Department, union encourage Pittsburgh police officers to be honest in survey
By Margaret Harding
Published: Thursday, Oct. 24, 2013, 12:01 a.m.
Pittsburgh police officers should be “brutally honest” in an online job satisfaction survey that is part of a national study, a union leader said on Wednesday.
“Maybe going forward, the next administration will be able to more accurately correct the problems with the department,” said Sgt. Mike LaPorte, president of the Fraternal Order of Police Fort Pitt Lodge No. 1.
Acting police Chief Regina McDonald said she wanted the department to participate in the National Police Research Platform study, despite a federal investigation that led to the indictment of former police Chief Nate Harper and has required police officials to testify before a grand jury.
“We expected there to be some negativity,” McDonald said. “But it's important we hear from the officers. We're not afraid of what the findings will be. Whatever the results are will be a benefit to the next administration.”
The online survey is voluntary and anonymous, and asks officers and civilian employees questions about burnout, job satisfaction, stress, accountability, work-life balance, leadership and other issues. The results will go to researchers through the Center for Research in Law and Justice at the University of Illinois at Chicago.
“It really gives the officers a forum to anonymously share their concerns,” McDonald said. “And then we can see what we're doing right and what we need to improve on.”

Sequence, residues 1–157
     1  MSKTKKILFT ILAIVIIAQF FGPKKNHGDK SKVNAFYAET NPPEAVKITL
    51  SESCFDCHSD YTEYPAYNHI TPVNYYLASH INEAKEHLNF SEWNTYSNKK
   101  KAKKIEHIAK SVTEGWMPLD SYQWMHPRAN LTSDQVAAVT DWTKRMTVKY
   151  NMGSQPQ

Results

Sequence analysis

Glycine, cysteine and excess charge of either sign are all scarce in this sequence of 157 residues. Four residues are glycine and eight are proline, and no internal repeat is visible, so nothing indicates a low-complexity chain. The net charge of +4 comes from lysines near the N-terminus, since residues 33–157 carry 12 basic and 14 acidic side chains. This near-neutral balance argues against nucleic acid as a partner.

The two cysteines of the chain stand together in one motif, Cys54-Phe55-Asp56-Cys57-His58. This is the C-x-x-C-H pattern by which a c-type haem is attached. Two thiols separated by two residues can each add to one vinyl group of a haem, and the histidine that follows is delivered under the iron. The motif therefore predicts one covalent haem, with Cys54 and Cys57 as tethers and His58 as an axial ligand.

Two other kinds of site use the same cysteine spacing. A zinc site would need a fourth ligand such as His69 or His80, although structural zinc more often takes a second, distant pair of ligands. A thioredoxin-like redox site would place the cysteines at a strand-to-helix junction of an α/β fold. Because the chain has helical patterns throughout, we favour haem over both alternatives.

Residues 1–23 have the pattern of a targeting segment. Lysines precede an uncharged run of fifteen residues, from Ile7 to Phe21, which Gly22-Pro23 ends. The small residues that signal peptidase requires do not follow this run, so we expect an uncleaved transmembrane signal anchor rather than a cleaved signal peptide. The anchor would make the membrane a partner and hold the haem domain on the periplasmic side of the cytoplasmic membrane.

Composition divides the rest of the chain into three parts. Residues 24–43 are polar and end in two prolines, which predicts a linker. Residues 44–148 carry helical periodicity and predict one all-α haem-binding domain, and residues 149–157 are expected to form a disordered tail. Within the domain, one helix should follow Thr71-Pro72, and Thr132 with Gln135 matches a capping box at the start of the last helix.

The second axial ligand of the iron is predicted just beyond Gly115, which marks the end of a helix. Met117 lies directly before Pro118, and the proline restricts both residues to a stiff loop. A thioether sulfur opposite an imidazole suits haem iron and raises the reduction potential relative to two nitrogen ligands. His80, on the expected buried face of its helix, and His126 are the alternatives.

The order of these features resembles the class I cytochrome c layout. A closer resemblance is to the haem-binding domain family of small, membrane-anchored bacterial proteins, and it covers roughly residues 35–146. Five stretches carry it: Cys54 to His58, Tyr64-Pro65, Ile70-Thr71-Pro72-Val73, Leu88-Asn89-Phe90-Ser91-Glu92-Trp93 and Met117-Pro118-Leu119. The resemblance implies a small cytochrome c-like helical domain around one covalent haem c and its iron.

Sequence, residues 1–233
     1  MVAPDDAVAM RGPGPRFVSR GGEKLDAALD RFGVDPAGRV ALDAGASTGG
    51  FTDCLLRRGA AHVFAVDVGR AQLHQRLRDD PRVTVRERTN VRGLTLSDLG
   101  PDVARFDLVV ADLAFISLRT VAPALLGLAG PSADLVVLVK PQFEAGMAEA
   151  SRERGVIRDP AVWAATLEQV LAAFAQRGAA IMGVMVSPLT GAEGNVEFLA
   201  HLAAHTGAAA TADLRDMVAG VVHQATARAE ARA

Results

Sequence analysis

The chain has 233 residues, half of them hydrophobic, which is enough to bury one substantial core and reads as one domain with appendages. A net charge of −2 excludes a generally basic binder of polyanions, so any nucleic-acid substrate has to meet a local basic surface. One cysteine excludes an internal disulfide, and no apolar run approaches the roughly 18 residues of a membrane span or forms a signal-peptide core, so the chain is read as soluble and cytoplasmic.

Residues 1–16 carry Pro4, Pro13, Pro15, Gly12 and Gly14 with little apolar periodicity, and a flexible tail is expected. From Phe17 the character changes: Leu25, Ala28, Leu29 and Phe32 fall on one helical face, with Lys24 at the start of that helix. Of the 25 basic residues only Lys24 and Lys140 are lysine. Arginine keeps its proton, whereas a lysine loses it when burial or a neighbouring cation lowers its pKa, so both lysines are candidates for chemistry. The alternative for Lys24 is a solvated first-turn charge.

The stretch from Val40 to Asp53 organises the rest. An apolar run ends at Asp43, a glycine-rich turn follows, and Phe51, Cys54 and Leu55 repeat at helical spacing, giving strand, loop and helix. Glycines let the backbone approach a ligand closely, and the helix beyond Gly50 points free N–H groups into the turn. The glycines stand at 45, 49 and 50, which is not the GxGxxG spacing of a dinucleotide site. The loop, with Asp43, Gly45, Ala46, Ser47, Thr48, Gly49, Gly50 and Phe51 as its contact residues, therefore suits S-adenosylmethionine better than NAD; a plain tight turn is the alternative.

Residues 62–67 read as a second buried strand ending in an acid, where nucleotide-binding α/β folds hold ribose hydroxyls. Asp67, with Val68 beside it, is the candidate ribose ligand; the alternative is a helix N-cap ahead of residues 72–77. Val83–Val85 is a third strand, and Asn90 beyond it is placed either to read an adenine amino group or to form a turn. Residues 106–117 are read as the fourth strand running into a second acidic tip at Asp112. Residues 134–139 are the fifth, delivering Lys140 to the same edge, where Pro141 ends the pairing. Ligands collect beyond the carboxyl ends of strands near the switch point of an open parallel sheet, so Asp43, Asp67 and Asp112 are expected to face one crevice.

Professor Dennis Rosenbaum, director of the center in Chicago, said Pittsburgh is among 100 departments nationwide involved in the study.
“We know about crime statistics and clearance rates, but we don't know how organizations function and what makes for organizational excellence,” Rosenbaum said.
McDonald said officers began taking the survey on Tuesday, and it will be available until mid-November. She expects to have the results early next year.
Another part of the study involves surveying people who encounter officers during traffic incidents and criminal investigations, McDonald said.
“We'll identify people who had an interaction with police, and we will forward the survey to them,” she said. “It will give us a good read on how the community feels about the police response and how the interaction went.”
LaPorte said he urged officers to participate in the study through a union newsletter.
“I told them to be brutally honest,” he said.
Margaret Harding is a staff writer for Trib Total Media. She can be reached at 412-380-8519 or email@example.com.
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